A federal agency is closing a legal loophole that allowed U.S.-based blood plasma companies to harvest plasma from thousands of Mexicans a day, who were lured by bonus payments and hefty cash rewards, as a 2019 ProPublica and ARD German TV investigation showed.

U.S. Customs and Border Protection announced on June 15 that effective immediately, it would no longer permit Mexican citizens to cross into the U.S. on temporary visas to sell their blood plasma. A statement provided to ProPublica and ARD said that donating plasma is now considered “labor for hire,” which is illegal under the visitor visa most border residents use to cross into the United States to make donations.

The U.S.-Mexico border is still mostly closed to “nonessential travel” due to the COVID-19 pandemic, and the Biden administration has said those restrictions will remain in place through at least July 21. The travel restrictions have greatly reduced the cross-border plasma business. However, Paul del Rincon, a customs chief based in Eagle Pass, Texas, estimated in an interview posted to Facebook with broadcaster La Rancherita del Aire that even during the pandemic, 300 to 400 people crossed daily to donate plasma. In other border cities, like El Paso, Texas, donors have not been allowed to cross since the restrictions went into effect.

Before the pandemic, donors could make up to $40 a donation and over $4,000 a year for those who donated as often as possible. U.S. law caps donations at 104 a year, compared to Europe’s recommended frequency of 33 times per year. In Mexico, selling plasma is entirely illegal.

However, with COVID-19 causing a 20% decrease in plasma donations in 2020, according to the industry group the Plasma Protein Therapeutic Association, prices have soared. Plasma centers in El Paso offered as much as $700 a month for twice-weekly donations in summer 2020, according to the El Paso Times. At the beginning of June, Facebook posts by plasma centers showed offers of up to $1,000 a month.

“We know a lot of people depend on what they receive from selling plasma to support themselves in Mexico,” del Rincon said. “And we know the plasma centers also count on them. And this is going to hurt them.”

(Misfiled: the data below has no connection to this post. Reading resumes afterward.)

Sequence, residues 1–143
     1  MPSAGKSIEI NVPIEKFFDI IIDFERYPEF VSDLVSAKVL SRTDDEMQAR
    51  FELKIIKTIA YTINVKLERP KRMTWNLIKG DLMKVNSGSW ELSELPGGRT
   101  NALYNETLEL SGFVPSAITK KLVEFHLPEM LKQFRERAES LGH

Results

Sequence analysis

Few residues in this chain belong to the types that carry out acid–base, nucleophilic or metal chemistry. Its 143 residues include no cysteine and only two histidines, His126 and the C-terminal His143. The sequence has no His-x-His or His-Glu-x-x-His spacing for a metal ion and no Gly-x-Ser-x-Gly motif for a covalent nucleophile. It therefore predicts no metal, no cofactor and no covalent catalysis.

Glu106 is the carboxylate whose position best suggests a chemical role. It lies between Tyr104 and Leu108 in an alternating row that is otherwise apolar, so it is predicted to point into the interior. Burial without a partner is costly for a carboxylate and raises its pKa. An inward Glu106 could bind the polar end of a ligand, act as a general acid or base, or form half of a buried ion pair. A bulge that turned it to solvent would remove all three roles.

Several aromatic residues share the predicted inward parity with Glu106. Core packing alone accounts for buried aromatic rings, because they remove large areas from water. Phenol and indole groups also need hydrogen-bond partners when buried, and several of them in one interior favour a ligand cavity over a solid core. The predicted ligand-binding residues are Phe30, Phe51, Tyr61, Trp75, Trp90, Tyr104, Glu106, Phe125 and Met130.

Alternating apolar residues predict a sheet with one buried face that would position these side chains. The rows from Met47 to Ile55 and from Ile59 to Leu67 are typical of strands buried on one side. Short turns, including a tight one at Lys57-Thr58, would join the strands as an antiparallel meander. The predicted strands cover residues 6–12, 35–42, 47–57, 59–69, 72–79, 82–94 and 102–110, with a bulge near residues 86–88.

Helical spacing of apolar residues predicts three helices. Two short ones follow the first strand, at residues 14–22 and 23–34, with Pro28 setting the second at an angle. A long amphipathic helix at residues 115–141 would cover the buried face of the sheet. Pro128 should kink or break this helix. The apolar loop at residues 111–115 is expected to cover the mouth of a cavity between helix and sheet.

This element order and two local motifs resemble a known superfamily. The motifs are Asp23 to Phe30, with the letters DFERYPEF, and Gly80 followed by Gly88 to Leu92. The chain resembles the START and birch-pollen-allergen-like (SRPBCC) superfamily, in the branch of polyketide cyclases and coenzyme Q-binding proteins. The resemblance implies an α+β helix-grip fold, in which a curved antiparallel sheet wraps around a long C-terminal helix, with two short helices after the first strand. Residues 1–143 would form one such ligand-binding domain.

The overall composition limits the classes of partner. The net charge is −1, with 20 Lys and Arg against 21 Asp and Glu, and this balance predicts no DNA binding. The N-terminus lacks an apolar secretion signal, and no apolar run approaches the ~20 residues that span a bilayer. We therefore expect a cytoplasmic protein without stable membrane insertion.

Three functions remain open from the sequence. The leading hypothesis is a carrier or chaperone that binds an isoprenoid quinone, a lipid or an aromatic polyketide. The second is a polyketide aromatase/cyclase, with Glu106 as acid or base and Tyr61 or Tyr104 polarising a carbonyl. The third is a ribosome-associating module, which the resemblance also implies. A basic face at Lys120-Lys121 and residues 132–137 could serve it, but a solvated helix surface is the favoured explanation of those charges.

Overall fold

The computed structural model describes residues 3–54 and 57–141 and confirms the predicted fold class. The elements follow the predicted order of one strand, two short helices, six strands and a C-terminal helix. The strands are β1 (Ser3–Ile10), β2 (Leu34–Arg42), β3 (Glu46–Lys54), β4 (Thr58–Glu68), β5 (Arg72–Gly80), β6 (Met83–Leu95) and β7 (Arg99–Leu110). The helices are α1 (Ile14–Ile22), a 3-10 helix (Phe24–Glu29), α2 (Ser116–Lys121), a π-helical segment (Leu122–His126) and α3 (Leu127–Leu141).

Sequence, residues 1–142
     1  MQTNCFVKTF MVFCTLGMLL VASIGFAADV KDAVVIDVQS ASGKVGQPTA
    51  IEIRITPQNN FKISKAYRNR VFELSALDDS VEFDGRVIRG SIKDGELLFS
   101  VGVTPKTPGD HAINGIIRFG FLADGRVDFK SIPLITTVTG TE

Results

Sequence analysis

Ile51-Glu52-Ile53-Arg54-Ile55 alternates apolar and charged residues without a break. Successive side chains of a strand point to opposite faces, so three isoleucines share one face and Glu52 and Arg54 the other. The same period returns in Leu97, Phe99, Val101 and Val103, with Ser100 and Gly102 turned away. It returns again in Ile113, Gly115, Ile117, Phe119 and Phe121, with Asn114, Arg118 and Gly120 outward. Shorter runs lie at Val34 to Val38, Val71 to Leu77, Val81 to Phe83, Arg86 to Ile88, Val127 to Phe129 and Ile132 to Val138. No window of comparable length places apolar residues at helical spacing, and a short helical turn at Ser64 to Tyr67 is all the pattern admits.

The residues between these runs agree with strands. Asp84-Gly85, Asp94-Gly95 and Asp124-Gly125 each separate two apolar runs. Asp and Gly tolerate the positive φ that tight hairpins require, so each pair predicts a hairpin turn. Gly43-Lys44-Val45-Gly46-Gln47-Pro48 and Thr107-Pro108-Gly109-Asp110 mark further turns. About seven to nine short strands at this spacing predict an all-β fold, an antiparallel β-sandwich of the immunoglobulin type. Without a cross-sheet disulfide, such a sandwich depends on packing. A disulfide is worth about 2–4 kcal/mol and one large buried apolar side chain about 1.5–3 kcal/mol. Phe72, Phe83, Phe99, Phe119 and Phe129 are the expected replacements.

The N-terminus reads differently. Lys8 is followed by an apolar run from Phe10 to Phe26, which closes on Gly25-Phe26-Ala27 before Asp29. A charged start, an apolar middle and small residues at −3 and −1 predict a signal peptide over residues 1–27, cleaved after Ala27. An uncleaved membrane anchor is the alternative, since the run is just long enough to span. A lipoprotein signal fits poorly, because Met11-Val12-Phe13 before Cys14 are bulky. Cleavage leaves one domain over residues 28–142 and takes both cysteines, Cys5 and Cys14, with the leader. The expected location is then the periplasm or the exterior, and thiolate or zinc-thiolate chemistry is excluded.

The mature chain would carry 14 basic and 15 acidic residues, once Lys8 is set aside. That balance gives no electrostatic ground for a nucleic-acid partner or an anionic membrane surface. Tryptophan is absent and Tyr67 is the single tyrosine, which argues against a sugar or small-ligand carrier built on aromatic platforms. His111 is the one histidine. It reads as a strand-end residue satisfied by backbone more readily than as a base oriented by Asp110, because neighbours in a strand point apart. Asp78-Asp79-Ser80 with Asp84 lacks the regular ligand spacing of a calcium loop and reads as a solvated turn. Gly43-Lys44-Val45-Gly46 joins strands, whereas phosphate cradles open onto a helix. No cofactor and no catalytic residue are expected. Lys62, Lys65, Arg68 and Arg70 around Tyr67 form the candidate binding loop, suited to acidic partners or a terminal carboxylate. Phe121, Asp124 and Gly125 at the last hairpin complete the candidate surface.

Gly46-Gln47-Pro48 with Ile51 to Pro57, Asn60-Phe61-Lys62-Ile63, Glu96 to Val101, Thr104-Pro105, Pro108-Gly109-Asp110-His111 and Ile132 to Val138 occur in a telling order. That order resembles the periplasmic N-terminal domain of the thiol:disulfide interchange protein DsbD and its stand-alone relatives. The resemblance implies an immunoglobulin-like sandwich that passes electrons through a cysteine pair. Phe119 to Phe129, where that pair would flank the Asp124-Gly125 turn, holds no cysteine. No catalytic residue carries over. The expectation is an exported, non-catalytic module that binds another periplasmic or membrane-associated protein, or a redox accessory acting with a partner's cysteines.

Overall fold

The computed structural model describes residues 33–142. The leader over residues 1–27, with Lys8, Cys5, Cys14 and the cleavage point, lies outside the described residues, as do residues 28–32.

The U.S. is the biggest global exporter of blood plasma — a market that reached $21 billion in 2019 — and plasma centers openly relied on cross-border donations to keep their supplies up. The industry group told ProPublica and ARD that they plan to lobby against the new restriction: “The Plasma Protein Therapeutics Association looks forward to working with CBP and the Biden administration to quickly reverse this policy,” a spokesperson wrote.

However, as ProPublica and ARD found, frequent plasma donation was also hurting the Mexican citizens who relied on the system for money. Frequent donors were underweight and showed low levels of antibodies.

The B1/B2 visitor visa used most often by Mexican border residents permits some business activity, but it does not permit Mexican citizens to work in the U.S. Before the new announcement, plasma donation fell into a legal gray area, with some CBP agents refusing to let people cross for donations but others allowing it.

Del Rincon told La Rancherita del Aire that in most cases people with appointments to donate plasma would just be asked to return to Mexico. However, he said, they risked losing their visas if they heard about the new instructions and went ahead with plasma donations anyway. “What’s important is that people not put their visas at risk,” del Rincon said.

It’s not clear how CBP will enforce the new policy beyond simply asking people why they’re crossing. Even before the guidance was issued, regular plasma donors often lied to agents about the purpose of their visits, claiming they were going shopping or visiting relatives.

Mexican residents are required to present their B1/B2 visa Border Crossing Cards at the plasma center when they donate, so plasma centers will know when donors are violating the new policy. Grifols, a company that operates several border plasma centers, answered what it said were “hundreds” of messages from donors on its Spanish-language Facebook page last week: “The answer is that for the moment (indefinitely) you can’t donate plasma,” the company wrote. But if any plasma centers do continue to accept cross-border donations in violation of the new policy, it’s not clear whether the U.S. would crack down.

U.S. Citizenship and Immigration Services told ProPublica and ARD in 2019 that companies could face criminal charges if they engaged in a “pattern or practice of knowingly hiring” people who aren’t authorized to work in the U.S. — including B1/B2 visa holders. However, the CBP statement doesn’t mention any consequences for plasma centers if they violate the new policy.